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Alexander Nicholas (Lex) Davison (1923–1965)

by John B. Blanden

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Lex Davison, n.d.

Lex Davison, n.d.

Alexander Nicholas (Lex) Davison (1923-1965), racing motorist, was born on 12 February 1923 at Moonee Ponds, Melbourne, only child of Victorian-born parents Alexander Ambrose Davison, manufacturer, and his wife Elizabeth, née Nolan. Educated at Xavier College, Kew, in 1941 Lex captained the athletics team, rowed stroke, played in the first XVIII, and was heavyweight boxing champion and vice-captain of the school.

In December that year Davison was called up for Militia service. The family company, Paragon Shoes Pty Ltd, was a major supplier to the armed forces. Because of his father's ill health, Lex was discharged on 10 August 1942 to assist in the business. When his father died in September 1945, Lex assumed control of the firm and inherited his father's fine collection of motorcars. On 2 October 1946 at St Peter's Catholic Church, Toorak, he married Diana Margery Crick, a dental nurse.

Three days later Davison began his formal motor-racing career in the New South Wales Grand Prix at Bathurst, but his Alfa Romeo proved uncompetitive. In 1947 he returned there for the Australian Grand Prix with a huge, supercharged Mercedes Benz 38/250: he recorded the fastest time and was placed third on handicap. Soon acknowledged as one of Australia's leading drivers, he competed successfully in races, hill climbs and reliability trials.

During the 1950s Davison's business interests prospered and included Monte Carlo Motors (a General Motors Holden dealership), Killara Park (an Aberdeen Angus stud and dairy at Lilydale), as well as Paragon Shoes and an associated tannery. The profits enabled him to pursue a busy racing programme throughout Australia and overseas, using some of the best equipment available. He won the Australian Grand Prix in 1954 (driving a Jaguar), 1957, 1958 (both in Ferraris) and 1961 (in a Cooper-Climax), the Australian Hill Climb championship in 1955, 1956 and 1957, and the Victorian Trophy in 1955, 1957 and 1963. In 1957 the Confederation of Australian Motor Sport awarded him the gold star as champion Australian racing driver. He assisted Donald Campbell in his land-speed record attempt in 1964 at Lake Eyre, South Australia, driving Bluebird at more than 160 miles (257 km) per hour on the dry saltpan.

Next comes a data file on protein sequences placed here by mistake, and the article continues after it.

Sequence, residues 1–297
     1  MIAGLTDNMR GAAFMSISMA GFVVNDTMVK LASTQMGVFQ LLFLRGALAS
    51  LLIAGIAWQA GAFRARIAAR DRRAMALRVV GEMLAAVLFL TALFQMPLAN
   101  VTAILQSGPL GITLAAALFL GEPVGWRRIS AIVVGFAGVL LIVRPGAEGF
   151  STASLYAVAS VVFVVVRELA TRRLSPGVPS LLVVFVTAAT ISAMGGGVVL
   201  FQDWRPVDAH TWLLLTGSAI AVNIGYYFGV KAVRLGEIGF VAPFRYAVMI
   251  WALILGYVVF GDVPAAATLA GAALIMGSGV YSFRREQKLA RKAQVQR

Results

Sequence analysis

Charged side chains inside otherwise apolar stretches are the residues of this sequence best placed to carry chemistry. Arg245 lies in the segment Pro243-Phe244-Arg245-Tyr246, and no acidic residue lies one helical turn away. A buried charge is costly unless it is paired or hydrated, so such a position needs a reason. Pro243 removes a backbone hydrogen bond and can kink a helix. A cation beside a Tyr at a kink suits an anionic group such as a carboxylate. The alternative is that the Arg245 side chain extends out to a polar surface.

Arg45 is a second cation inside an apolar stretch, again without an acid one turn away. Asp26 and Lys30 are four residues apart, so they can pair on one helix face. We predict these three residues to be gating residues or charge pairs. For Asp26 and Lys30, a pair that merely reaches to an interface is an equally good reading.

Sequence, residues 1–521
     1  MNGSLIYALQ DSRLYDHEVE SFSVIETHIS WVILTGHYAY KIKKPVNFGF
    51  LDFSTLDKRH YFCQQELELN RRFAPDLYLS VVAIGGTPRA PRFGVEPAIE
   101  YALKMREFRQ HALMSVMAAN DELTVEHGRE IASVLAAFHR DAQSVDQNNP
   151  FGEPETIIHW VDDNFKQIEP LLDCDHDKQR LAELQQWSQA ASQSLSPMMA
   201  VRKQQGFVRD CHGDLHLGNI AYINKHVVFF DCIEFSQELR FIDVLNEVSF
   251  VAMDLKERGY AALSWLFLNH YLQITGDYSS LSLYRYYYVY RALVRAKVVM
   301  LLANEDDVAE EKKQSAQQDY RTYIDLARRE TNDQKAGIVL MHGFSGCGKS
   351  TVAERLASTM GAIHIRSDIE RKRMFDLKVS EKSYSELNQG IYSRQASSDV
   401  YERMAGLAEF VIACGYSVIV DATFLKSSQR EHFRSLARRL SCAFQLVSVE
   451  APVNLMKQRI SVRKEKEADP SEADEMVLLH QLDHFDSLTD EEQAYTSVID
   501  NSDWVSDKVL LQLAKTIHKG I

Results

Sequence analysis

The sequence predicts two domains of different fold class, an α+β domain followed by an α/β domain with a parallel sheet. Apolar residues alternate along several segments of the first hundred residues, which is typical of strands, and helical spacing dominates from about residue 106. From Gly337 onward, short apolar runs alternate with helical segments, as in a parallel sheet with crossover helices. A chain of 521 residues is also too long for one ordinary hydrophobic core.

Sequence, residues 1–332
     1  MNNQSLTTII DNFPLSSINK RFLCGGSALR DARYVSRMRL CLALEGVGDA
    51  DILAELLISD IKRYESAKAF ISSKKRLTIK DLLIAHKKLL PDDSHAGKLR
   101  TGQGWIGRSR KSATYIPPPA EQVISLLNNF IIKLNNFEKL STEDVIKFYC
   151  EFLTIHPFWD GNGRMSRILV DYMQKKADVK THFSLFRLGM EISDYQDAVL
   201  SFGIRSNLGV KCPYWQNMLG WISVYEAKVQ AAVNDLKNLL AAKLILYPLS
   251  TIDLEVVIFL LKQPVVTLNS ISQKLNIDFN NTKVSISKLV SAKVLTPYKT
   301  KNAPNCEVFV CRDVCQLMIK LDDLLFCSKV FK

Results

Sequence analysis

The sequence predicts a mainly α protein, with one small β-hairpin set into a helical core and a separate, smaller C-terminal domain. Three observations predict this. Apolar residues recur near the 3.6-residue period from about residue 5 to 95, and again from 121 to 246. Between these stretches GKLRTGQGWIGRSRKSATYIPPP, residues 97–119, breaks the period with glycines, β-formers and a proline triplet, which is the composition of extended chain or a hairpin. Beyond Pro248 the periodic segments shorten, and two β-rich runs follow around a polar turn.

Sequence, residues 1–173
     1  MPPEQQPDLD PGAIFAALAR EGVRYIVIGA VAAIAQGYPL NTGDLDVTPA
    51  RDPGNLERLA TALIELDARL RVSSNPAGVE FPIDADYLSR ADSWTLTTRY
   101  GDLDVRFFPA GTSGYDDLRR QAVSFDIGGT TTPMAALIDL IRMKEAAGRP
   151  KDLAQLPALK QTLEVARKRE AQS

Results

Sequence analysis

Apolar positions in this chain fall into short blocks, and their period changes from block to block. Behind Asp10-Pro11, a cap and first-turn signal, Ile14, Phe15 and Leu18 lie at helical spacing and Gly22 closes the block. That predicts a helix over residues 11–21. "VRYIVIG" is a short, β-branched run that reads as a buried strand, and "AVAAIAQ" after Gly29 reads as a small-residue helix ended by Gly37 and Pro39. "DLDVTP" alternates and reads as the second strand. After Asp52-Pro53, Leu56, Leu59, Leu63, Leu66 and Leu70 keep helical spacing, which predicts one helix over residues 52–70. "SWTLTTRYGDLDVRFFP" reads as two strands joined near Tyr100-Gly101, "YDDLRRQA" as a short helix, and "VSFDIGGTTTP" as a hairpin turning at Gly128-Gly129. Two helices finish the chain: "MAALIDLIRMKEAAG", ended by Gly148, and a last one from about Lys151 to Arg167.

Over six feet (183 cm) tall, prematurely balding, with broad shoulders and an athletic build, Davison was generous, cheerful and friendly—totally unspoiled by money and fame. He showed a keen interest in spearfishing and water-skiing, and was a competent clarinet player. A natural leader with a gift for words and conversation, he was a founder of the Victorian division of the Vintage Sports Car Club of Australia, president (1956-59) of the Light Car Club of Australia, and a member of the Melbourne Swimming Club and of the founding council of the Museum of Modern Art, Melbourne.

On 20 February 1965 at the Sandown Park circuit near Springvale, while driving his 2.5 litre Brabham Climax in practice for the International 100, Davison suffered a heart attack. The car, travelling at over l00 m.p.h. (161 kmph), left the road, hit a culvert, somersaulted and crashed through a railing fence. Davison sustained severe head injuries and was dead when officials reached him. Survived by his wife, five sons and two daughters, he was buried in Box Hill cemetery. His estate was sworn for probate at £234,686. Gay Dutton's portrait of Davison is held by the author. The Lex Davison Trophy is awarded to the winner of the Australian Grand Prix.

Select Bibliography

  • Australian Motor Sport, Mar 1953, p 20, Apr 1953, p 16, Apr 1965, p 34
  • People (Sydney), 30 June 1954, p 35
  • Wheels, July 1954, p 18
  • Cars, May 1956, p 14
  • Sports Car World, Jan 1962, p 40, Aug 1964, p 16, Apr 1965, p 12
  • Australian Autosportsman, Mar 1965, p 25
  • Racing Car News, Mar 1965, p 28
  • Herald (Melbourne), 20, 23 Feb 1965, 29 Apr 1967.

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Citation details

John B. Blanden, 'Davison, Alexander Nicholas (Lex) (1923–1965)', Australian Dictionary of Biography, National Centre of Biography, Australian National University,, published first in hardcopy 1993, accessed online 24 June 2024.

This article was published in hardcopy in Australian Dictionary of Biography, Volume 13, (Melbourne University Press), 1993

View the front pages for Volume 13

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